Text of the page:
NIH STUDY: ANTIBIOTIC EFFECTIVE AGAINST TRICHIASIS

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A single dose of azithromycin taken orally post-surgery can reduce the recurrence of trichiasis, a vision-threatening condition of the eyelid, by up to one-third, according to a study published in the Archives of Ophthalmology. The study, which was funded by the National Eye Institute, part of the National Institutes of Health (NIH), compared the effect of azithromycin to that of the regularly prescribed tetracycline, an ointment applied directly to the eye.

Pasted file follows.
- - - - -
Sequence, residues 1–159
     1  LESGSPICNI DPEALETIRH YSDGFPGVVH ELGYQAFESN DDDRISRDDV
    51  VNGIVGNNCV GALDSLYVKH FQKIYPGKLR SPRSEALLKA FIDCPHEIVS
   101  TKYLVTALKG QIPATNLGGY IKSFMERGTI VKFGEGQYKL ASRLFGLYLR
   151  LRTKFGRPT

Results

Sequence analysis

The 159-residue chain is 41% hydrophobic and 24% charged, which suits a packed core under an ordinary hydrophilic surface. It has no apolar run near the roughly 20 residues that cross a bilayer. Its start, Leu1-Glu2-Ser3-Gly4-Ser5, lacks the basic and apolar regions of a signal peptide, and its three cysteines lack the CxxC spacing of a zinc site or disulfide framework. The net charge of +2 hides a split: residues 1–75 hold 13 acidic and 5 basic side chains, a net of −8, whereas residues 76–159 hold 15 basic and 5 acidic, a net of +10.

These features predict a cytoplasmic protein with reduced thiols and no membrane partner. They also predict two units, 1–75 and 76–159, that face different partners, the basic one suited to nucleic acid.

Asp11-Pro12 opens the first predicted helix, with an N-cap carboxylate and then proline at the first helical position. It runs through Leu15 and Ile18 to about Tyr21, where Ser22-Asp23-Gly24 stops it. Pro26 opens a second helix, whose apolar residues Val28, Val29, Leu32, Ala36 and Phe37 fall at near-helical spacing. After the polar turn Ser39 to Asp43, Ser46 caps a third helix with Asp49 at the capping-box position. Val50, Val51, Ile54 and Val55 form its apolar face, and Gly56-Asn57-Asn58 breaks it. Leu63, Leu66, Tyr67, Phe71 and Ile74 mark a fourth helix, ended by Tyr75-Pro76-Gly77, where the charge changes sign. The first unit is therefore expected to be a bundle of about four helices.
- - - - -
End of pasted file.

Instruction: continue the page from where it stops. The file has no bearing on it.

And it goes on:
The study, known as the Surgery for Trichiasis, Antibiotics to Prevent Recurrence (STAR) trial, followed 1,452 patients in Ethiopia who had undergone surgery for trichiasis -- a condition in which the eyelid turns inward and the eyelashes rub against the eye, resulting in corneal scarring. In those patients who received azithromycin, the recurrence of the condition was 33 percent less than the recurrence rate for patients treated with tetracycline.

"When we consider that an estimated 11 million people worldwide develop trichiasis every year, we see the impact that the findings of this study may have in preventing future vision loss," said Elias Zerhouni, director of the NIH, of the study.